How peat bogs helped heal wartime casualties

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Local researchers have uncovered a series of surprising discoveries that will be presented at a special event to be held in Sheffield from 4 Cinema. Because of generous sponsorship, the price is only £10 per person including food, refreshments and the proceedings.

With due deference to Leo Tolstoy, the conference is intriguingly called War & Peat and covers a wide range of aspects of moors, bogs, heaths and fens, from their contributions to the wartime efforts in WW1 and WW2, to the importance of wetlands, heaths and bogs in the arena of war as battlefields and especially as defensive landscapes. However, there are also presentations of the battles both for access to the moors, and then to save the remaining peat bogs. This is an event with something for everyone, and it will appeal to all those interested in local history and heritage, and to anyone involved in education about moors or about history more generally.

We have leading international scholars presenting, but the event will be accessible to everyone. Indeed, we want people to come along (though pre-booking is essential), with memories and memorabilia such as a local family whose grandma helped collect sphagnum moss to bind wartime wounds when she was a nurse at Longshaw, or another, now elderly, lady who as a schoolgirl spent her lunch breaks out collecting sphagnum to help the wounded. At Thorne Moors, the cutting of peat to provide horse litter was vital to the WW1 frontline powered by thousands of horses. Moors and bogs around western Sheffield with their Iron Age hill-forts trace military presence across millennia.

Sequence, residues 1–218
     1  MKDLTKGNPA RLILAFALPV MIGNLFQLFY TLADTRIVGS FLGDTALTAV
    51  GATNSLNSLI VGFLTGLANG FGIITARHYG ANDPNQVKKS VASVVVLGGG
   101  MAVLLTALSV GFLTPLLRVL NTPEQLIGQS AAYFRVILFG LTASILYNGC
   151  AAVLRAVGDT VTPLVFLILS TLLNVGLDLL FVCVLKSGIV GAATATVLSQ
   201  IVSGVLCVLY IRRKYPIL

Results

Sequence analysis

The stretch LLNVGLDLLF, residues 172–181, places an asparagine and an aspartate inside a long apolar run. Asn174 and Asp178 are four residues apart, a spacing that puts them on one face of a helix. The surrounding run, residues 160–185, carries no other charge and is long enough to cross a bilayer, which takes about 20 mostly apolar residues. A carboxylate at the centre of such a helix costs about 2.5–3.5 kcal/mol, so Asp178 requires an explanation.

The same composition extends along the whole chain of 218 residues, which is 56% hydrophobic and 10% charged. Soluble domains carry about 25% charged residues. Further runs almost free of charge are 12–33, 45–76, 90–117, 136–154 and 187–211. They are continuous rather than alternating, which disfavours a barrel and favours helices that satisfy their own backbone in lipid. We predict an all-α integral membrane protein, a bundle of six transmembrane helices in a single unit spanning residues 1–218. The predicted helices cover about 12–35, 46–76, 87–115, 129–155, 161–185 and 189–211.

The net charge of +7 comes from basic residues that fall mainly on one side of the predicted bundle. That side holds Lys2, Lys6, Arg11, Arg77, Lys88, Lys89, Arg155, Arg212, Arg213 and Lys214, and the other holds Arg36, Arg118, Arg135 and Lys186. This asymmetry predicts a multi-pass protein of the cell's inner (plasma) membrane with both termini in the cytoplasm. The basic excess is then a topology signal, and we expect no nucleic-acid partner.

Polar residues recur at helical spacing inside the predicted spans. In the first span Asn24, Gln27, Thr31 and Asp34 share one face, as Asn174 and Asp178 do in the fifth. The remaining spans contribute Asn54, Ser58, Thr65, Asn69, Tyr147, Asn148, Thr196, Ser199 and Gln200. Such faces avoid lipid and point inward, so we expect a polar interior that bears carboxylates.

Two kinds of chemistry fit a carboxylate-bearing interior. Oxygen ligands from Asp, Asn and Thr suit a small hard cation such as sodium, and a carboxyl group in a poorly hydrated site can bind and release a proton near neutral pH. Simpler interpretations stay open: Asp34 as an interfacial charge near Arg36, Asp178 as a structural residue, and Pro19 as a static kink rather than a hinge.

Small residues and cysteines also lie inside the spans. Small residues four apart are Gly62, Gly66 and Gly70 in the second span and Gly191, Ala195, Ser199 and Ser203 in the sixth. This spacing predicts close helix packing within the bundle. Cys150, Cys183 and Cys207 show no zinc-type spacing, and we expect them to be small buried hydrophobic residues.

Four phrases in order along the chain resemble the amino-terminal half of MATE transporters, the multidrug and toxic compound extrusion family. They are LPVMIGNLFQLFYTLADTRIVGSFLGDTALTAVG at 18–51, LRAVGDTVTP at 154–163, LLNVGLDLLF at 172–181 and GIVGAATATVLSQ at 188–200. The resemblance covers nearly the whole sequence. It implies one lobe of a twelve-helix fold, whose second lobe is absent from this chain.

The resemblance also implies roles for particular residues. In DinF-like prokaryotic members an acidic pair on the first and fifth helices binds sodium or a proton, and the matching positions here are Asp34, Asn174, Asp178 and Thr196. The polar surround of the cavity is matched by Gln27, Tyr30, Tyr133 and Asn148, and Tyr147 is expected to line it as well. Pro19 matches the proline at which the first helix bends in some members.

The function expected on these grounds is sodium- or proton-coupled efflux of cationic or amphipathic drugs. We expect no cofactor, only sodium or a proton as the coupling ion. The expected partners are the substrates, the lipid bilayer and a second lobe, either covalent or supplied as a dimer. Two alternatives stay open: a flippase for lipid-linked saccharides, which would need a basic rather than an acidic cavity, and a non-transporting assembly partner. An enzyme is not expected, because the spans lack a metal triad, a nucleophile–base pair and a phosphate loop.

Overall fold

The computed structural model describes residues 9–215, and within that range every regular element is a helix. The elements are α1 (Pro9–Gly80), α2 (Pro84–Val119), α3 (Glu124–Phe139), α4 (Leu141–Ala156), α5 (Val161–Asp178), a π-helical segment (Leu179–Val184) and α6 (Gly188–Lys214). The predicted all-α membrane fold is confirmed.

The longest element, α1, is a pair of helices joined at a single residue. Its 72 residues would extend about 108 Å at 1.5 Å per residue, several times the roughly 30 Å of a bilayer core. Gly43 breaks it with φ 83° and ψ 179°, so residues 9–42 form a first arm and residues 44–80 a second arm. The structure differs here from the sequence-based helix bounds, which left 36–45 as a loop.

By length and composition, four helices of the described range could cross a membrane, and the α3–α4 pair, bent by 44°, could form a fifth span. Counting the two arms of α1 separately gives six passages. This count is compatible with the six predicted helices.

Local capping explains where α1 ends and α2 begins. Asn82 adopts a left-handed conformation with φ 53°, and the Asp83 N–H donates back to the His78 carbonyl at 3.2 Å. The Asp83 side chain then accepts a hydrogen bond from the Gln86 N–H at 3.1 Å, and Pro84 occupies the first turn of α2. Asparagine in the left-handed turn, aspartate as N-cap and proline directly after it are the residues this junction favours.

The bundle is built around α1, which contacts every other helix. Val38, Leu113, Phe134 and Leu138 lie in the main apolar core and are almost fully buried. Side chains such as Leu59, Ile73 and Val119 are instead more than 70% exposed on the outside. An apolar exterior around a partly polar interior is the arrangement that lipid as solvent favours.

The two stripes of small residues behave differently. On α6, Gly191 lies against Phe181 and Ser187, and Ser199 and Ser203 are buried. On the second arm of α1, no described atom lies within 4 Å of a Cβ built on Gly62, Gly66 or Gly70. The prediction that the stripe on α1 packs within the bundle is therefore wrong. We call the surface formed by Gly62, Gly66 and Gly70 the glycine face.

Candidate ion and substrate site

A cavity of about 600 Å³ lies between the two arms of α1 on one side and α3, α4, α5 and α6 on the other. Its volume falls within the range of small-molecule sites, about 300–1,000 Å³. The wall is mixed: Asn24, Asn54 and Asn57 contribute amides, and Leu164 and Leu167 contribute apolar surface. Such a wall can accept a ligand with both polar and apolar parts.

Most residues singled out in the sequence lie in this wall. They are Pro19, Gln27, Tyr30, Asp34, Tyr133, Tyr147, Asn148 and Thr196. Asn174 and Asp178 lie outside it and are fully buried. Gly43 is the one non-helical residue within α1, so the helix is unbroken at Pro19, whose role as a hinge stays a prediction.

In modern times, they were used as military training grounds and during WW2 as decoy areas to protect the vital steel industry in the city. Moors and heaths provided the sites for airfields for the Battle of Britain and the strikes against Nazi Germany. There also, famously, are the last resting places of aircraft and crews that crashed on Kinder Scout and Bleaklow in the uplands, and Thorne Moors in the lowlands. This is a tragic history, which should not be forgotten. In Nottinghamshire and Lincolnshire, commons, heaths, and fens were turned to use as airfields; some still surviving today. Around Sherwood, the famous heaths of old Sherwood Forest became military training grounds, and in WW2 Clumber Park was a transit and camouflaged storage site for tanks.

All this and more will be discussed as we investigate this remarkable hidden or forgotten heritage. Full details and booking forms are on our website below, or telephone 0114 2724227 or info@hallamec.plus.com. There will also be more information on my blog next week so do check that as well. Above all, come along and find out.

n Professor Ian D Rotherham, researcher, writer and broadcaster on wildlife and environmental issues, is contactable on ianonthewildside@ukeconet.co.uk; follow Ian’s Walk on the Wildside, www.ukeconet.org for more information.